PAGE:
Men and women alike have been told their brains are wired differently, implying men think like men, and women think like women. Whether we have a more feminine or masculine brain does not translate to what makes us a man or a woman, but rather suggests we have skills that are traditionally associated with that sex. To decipher the “sex ID” of our brains, the Science Museum in London has devised a test on the book, The Brain Pack, by Van Der Meer and Dudlink, that uses a series of cognitive tests to reveal the differences between the male and female brain.

The brain sex quiz states: “Generally males and females are very similar to each other in the way they think. Psychologists have developed tests to show up some differences between the sex.” Test 1, or task one asks: “Which of the frames below doesn’t contain either of the fruits on the right?” This skill is thought to be more associated with what women are generally good at. Test 2, or task 2, asks: “On the right is a star shape. Find the same shape below.” Men are expected to excel in this task because they are deemed generally good at being able to imagine how things rotate.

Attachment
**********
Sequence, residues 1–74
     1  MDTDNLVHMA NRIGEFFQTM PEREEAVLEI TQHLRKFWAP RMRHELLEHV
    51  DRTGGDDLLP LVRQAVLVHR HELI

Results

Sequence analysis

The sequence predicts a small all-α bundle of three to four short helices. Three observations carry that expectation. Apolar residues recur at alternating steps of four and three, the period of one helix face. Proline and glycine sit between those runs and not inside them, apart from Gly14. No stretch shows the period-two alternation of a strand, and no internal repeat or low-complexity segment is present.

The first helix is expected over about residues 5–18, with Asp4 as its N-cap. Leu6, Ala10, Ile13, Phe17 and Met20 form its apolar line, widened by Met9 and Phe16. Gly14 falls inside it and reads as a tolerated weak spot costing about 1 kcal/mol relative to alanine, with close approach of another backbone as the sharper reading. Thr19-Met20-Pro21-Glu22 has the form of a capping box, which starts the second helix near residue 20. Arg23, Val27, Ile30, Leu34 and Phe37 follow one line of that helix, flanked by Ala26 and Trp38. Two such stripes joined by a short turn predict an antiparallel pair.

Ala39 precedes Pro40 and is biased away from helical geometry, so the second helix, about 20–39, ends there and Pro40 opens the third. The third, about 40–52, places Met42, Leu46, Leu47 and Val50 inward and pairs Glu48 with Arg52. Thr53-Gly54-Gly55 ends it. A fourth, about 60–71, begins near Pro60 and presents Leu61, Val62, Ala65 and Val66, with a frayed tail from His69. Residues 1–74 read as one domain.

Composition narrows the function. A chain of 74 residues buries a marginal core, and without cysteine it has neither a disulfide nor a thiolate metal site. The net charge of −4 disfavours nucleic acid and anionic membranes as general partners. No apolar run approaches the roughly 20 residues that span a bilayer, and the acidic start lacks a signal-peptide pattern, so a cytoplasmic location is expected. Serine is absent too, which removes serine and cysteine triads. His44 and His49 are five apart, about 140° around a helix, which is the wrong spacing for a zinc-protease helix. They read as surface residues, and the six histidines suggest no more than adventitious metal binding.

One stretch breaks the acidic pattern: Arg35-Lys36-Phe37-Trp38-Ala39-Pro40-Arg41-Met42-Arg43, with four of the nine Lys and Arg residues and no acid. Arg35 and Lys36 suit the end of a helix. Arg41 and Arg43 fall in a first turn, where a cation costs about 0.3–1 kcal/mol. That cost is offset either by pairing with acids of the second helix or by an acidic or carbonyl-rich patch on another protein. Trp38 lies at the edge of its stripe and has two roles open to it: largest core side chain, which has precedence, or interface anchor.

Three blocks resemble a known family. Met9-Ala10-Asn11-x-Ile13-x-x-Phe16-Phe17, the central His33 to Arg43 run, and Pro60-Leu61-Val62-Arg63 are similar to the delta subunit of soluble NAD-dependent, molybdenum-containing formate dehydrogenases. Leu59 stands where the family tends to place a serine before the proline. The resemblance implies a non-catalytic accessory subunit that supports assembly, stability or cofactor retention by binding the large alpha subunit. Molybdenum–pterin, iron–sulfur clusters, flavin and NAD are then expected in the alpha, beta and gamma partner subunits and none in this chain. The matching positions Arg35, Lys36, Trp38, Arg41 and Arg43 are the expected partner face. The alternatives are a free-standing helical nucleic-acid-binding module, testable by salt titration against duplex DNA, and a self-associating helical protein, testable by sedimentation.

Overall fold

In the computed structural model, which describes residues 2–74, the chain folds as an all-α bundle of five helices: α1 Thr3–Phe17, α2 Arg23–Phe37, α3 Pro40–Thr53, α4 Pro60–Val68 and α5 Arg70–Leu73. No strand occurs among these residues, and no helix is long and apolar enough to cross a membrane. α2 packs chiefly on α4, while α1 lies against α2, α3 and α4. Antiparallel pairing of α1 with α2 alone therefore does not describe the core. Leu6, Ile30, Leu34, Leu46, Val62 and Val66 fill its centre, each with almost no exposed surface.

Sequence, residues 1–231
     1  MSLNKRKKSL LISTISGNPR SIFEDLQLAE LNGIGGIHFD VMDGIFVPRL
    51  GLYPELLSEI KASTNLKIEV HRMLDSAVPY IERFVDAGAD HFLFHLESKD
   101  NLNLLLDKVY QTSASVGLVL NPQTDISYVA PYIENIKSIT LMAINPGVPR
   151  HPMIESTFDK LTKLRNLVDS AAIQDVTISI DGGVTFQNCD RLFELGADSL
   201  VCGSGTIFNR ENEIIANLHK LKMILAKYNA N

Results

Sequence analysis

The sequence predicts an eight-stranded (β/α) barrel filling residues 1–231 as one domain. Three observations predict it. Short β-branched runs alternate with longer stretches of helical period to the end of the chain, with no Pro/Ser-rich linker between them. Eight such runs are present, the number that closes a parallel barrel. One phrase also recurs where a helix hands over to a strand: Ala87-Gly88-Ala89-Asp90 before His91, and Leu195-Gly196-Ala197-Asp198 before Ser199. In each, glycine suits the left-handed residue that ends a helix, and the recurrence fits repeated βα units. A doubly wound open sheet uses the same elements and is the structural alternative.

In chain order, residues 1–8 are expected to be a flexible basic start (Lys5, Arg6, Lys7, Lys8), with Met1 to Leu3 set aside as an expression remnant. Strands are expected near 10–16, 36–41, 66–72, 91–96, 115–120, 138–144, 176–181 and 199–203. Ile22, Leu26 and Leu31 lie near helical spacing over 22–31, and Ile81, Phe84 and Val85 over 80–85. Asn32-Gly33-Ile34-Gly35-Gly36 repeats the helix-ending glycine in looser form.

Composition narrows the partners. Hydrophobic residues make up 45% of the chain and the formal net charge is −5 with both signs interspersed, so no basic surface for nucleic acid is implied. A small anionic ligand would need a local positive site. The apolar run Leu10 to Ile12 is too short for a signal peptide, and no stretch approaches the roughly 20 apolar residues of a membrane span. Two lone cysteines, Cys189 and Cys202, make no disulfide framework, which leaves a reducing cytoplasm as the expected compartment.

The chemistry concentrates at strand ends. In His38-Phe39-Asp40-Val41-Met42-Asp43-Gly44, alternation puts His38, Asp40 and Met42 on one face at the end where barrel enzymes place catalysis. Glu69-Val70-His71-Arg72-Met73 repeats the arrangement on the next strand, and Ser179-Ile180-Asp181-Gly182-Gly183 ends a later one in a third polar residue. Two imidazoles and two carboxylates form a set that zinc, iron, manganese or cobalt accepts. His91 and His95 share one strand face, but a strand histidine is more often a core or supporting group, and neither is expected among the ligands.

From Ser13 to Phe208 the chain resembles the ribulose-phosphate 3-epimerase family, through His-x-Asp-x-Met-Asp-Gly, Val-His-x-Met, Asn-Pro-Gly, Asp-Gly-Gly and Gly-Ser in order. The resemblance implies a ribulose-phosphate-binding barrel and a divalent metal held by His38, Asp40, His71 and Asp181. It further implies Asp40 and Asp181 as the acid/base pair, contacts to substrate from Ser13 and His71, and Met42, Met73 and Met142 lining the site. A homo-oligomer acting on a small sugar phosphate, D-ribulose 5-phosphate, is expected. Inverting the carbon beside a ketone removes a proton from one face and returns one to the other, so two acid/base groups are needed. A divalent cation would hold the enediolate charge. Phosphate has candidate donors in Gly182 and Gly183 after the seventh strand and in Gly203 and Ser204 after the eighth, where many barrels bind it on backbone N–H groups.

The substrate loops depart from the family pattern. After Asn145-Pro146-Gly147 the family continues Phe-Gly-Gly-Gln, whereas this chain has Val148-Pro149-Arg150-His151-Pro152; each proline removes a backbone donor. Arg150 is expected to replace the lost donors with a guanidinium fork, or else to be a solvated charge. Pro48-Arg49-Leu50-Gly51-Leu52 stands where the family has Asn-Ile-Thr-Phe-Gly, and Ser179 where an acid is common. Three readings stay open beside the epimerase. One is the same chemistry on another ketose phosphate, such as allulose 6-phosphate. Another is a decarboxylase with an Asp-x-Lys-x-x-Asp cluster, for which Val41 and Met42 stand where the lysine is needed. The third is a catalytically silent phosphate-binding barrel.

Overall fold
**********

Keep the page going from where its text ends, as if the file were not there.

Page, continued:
Brain sex results
My results on the "What Sex Is Your Brain?" test. Photo courtesy of Science Museum, London. Science Museum, London

Overall, the test viewed women as generally good at distinguishing between subtle hints and details, and having good visual memory. Men, on the other hand, are generally good at seeing things in three dimensions and being able to imagine how things rotate. It is not yet known what exactly is driving these differences between the sexes.

These conclusions are supported by a 2013 study published in the journal Proceedings of the National Academy of Sciences (PNAS), which found male brains appeared to be wired front to back, with few connections connecting the two hemispheres. The pathways in women’s brains were crisscrossed between left and right. The results supported this notion, as women scored well on attention, word and face memory, and social cognition, while men performed better on spatial processing and sensori-motor speed in the study.

So, what is your brain sex ID? Take the quiz here.